One of Starbucks’ newest partnerships is both a beverage and food venture. The company teamed with Hershey to create a line of chocolates, including drinking chocolates and confections, that carry the tagline “When coffee dreams, it dreams of chocolate.” As with the coffee category, the growth in chocolate is coming from the premium end of the segment, the companies say. The Starbucks chocolate platform was created in conjunction with Hershey’s Artisan Confections Co., which produces brands such as Scharffen Berger and Joseph Schmidt.
“It is inspired by our coffee, tea and coffeehouse flavors,” Piñero DePencier says. “They are going to be very authentic in that way. You will be able to taste our coffee and our teas in them.”
Initially, the company will stay close to its beverage roots with a line of drinking chocolates that are hitting the market this fall. Double Delish is a blend of dark and milk chocolates, Marshmallow Memories are chocolate-covered marshmallow nuggets, and Peppermint Merriment is peppermint-infused chocolate. Following the drinking chocolates will be confections that will roll out next spring and incorporate Starbucks flavors, such as espresso or tea, either as flavor extracts or as actual ingredients in the chocolate. At least 50 percent of the platform will be café flavors, the companies say.
Also on the indulgent side, the Starbucks’ partnership with Beam Global Spirits & Wine has produced two liqueurs that have taken the Starbucks brand into unexpected places such as bars and cocktail lounges. Introduced in 2005, Starbucks Coffee Liqueur sold more than 100,000 cases in its first year — a feat achieved by only 19 percent of brands during the past 20 years, according to Starbucks and Beam Global. And the follow-up brand, Starbucks Cream Liqueur, received flavor accolades from the Beverage Tasting Institute in Chicago.
Starbucks Coffee Liqueur is 40 proof, and uses Starbucks House Blend as its flavor base. The Cream Liqueur variety is 30 proof and is made with Starbucks Colombia Roast extract.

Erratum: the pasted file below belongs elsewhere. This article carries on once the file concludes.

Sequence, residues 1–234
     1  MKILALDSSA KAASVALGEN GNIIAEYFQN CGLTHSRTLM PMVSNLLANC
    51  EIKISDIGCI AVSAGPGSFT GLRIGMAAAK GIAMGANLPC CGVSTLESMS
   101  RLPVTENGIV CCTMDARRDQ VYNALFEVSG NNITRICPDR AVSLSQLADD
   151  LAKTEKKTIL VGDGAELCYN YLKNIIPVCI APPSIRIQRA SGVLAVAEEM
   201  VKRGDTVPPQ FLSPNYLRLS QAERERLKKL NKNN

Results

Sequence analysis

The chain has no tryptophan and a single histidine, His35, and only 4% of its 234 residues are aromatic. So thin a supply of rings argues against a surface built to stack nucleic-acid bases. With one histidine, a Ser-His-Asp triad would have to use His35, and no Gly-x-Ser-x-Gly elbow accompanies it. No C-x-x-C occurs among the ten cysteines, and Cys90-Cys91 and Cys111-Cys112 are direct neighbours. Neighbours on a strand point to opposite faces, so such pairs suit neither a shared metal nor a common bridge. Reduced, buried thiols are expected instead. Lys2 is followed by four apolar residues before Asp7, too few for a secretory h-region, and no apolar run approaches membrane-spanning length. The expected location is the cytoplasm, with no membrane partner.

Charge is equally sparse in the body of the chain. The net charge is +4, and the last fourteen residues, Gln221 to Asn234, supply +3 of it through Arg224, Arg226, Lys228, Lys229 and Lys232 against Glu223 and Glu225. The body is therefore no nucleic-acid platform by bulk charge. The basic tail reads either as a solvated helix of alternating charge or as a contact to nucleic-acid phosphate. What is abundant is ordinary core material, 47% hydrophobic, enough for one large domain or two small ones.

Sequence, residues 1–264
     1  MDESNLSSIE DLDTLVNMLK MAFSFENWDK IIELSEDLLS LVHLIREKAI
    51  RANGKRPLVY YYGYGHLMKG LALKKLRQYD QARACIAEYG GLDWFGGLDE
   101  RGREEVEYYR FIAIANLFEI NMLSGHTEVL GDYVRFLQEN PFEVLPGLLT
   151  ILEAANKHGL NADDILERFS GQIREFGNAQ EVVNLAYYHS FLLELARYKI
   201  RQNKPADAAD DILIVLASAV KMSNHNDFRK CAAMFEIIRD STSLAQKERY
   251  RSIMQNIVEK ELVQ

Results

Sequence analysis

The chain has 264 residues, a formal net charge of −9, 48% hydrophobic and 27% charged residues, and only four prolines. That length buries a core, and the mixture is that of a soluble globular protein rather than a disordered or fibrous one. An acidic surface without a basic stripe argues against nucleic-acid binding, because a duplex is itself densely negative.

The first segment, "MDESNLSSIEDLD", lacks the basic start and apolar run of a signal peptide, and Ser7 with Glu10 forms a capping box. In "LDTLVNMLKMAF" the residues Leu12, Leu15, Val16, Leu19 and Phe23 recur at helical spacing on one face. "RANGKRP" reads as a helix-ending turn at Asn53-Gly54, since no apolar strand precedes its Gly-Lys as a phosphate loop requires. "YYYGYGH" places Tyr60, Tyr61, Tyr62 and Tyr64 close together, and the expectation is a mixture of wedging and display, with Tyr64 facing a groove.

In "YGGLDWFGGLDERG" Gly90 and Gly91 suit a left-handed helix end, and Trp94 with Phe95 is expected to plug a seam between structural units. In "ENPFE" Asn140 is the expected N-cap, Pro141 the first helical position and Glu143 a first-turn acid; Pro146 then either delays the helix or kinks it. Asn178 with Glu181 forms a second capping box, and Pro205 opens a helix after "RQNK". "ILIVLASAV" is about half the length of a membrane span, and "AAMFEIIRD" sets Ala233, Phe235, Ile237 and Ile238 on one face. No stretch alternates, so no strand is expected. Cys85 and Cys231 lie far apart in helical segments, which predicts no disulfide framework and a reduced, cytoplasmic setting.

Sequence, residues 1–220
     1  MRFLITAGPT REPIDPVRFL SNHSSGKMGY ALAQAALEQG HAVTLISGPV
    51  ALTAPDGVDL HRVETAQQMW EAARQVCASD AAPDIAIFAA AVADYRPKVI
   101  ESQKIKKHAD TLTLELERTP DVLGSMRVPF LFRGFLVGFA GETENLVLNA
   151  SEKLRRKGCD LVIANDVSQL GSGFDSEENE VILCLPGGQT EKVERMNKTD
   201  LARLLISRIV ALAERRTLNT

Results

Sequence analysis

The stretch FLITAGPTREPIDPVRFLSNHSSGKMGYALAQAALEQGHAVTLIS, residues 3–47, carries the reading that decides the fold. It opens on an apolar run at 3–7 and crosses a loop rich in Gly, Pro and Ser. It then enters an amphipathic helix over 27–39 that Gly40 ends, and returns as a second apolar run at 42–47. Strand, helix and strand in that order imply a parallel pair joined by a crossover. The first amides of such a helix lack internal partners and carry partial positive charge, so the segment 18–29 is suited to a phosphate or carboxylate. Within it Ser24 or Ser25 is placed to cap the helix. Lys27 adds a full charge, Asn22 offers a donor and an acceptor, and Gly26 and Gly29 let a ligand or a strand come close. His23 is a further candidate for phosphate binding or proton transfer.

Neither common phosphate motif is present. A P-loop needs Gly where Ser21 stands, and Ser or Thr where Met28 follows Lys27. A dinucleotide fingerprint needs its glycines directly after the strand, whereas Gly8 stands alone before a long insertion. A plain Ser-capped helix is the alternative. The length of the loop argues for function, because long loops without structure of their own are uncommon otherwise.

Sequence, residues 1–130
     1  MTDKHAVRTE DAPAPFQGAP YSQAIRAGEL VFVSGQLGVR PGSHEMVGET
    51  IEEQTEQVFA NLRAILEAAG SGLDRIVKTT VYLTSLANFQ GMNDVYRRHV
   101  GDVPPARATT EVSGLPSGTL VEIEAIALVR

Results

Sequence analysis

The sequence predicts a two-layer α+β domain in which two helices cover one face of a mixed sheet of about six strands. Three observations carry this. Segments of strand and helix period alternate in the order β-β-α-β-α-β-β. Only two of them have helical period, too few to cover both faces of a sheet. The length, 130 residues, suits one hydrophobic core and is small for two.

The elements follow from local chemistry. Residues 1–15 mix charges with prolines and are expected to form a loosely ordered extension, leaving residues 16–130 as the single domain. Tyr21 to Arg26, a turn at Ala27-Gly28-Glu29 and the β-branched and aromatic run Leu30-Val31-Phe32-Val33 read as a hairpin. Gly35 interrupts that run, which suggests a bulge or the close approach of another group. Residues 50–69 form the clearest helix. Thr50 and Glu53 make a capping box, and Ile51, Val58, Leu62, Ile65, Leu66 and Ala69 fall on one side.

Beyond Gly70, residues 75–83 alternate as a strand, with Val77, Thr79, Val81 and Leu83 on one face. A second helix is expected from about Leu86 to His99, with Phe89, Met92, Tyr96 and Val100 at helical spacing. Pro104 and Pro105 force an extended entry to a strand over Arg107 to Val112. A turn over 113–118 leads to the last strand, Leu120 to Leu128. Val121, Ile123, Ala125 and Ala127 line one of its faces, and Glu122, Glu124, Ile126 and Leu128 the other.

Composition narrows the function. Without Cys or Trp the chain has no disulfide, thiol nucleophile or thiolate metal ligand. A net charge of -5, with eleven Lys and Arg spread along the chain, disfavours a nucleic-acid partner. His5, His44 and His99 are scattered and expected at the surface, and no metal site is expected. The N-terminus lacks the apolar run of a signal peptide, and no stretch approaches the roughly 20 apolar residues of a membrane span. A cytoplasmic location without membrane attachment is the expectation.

A question that creeps up time and again as Starbucks expands both its coffeehouse and retail businesses into so many new locations is the potential for consumer fatigue. Lopez says that’s a topic the company always keeps in mind, but says ubiquity is not as much a concern as relevancy and whether or not the brand still matters and has meaning to consumers. He points out that with all of the coffee the company sells, both on-premise and off, it still only adds up to 10 percent of the coffee category in the United States, and 2 to 3 percent globally. As it expands in coffee and any of its other ventures, keeping a premium position will always be part of the criteria.
“What we’re trying to do is really change the game in the beverage world,” Lopez says. “We try to give them more options. We try to give them better options. The customers guide us. They become more discriminating and more discerning about their coffees. Hopefully we’re there to serve them.
“It’s that interaction back and forth,” he adds. “We’re fortunate to have 40 some-odd million of those interactions every week [in our stores]. We try to surprise and delight them ... That’s what Starbucks is all about — how you connect with those customers, how you enable our baristas in the stores to connect with those customers, and then, for us, it’s how do you extend that connection to a place that is beyond the four walls of our stores.”